Whitfield Lovell: All Things In Time
The Hudson River Museum presents the work of Whitfield Lovell, September 27, 2008 through May 10, 2009, in a survey exhibition that showcases Lovell’s mid-career work. One of the contemporary art world’s finest interpreters of lost or contested history, Lovell, born in the Bronx in 1959, is internationally recognized for large-scale tableaux and wall-size installations. Combining evocative found historical objects with exquisitely rendered life-sized charcoal portraits frequently based on historic photographs, Lovell creates a dramatic situation or “scene.” Whitfield Lovell: All Things In Time explores Lovell’s use of assemblage, his gifts as a draftsman, and traces sources of his inspiration from Joseph Cornell to Jean-Auguste Ingres.
Lovell focuses his work on the lives of African Americans in the United States from Reconstruction through World War II, and he subtly suggests this period’s intense societal and political changes. He finds the raw materials for his art in tag sales, flea markets, and architectural salvage yards. Many of the photographs that inspire him are of anonymous individuals, the biographical details of their lives lost to time. Lovell constructs imaginary narratives that give them a sense of agency and provide the contrasts that attest to his creativity transforming everyday objects into powerful commentaries on society.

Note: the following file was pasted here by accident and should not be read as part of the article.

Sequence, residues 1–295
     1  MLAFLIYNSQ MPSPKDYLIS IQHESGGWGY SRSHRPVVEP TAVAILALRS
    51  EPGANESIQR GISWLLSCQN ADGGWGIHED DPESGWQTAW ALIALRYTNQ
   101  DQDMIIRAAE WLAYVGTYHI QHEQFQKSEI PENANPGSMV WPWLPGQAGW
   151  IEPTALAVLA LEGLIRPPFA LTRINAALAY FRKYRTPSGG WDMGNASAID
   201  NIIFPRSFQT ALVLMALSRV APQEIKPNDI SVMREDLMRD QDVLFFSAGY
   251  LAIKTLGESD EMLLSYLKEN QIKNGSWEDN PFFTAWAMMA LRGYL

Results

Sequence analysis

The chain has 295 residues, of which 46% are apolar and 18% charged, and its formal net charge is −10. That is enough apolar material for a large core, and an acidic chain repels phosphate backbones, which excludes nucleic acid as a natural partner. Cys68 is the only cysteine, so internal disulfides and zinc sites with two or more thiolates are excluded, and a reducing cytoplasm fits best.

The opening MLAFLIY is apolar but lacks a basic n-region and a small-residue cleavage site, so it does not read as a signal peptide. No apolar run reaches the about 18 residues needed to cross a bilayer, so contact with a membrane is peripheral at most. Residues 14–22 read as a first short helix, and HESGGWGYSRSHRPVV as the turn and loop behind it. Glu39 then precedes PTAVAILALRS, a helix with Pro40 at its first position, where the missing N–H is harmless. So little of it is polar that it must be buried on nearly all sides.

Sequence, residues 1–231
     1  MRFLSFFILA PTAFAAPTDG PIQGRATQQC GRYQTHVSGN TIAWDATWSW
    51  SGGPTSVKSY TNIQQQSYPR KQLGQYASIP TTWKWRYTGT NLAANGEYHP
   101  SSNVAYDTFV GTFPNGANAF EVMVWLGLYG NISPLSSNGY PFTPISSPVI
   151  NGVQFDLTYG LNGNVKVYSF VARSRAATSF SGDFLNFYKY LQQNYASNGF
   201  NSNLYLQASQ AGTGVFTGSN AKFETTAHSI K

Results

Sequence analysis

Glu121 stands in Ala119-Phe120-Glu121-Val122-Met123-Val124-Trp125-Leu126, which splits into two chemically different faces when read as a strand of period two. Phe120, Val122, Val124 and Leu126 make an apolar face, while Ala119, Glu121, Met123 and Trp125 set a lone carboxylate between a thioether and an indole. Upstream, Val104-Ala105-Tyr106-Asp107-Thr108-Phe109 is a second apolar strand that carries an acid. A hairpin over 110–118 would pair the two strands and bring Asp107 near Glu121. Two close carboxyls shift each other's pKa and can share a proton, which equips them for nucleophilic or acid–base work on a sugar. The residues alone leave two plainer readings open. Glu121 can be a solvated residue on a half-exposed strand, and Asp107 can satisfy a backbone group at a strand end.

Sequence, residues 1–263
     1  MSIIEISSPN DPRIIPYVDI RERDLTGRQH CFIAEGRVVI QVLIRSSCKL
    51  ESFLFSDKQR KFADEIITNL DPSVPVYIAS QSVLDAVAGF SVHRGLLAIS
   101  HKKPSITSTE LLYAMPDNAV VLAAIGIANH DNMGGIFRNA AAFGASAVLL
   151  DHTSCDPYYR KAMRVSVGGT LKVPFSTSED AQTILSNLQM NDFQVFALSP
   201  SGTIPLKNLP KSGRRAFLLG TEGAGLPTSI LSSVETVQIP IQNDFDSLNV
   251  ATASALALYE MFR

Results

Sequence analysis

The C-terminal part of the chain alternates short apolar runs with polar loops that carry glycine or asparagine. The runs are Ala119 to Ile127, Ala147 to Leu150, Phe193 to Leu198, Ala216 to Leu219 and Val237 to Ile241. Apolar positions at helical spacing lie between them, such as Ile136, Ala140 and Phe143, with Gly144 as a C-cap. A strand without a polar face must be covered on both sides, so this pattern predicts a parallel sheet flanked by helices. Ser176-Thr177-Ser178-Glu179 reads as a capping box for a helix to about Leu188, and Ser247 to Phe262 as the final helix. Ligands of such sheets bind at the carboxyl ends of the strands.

The exhibition, curated by Bartholomew F. Bland, the Museum’s Curator of Exhibitions, will be accompanied by a 50-page, full-color catalogue with an introduction by Lowery Stokes Sims, Curator at the Museum of Art and Design.
The Hudson River Museum is located at 511 Warburton Avenue, Yonkers NY. Minutes from the Saw Mill River Parkway, exit 9, north or southbound. Information and directions: 914.963.4550 and www.hrm.org. Wed - Sun 12- 5 pm. Fridays 12-8 pm. Admission: Adults $5; Seniors 62 & older and youth 5-16 $3. Fridays 5 to 8 pm free.
The largest cultural institution in Westchester County, the Hudson River Museum is a multi-disciplinary complex that draws its identity from its site on the banks of the Hudson River, and seeks to broaden the cultural horizons of all its visitors. It engages in the presentation of exhibitions, programs, teaching initiatives, research, collection, preservation, and conservation – a wide range of activities that interpret its collections, interests and communities.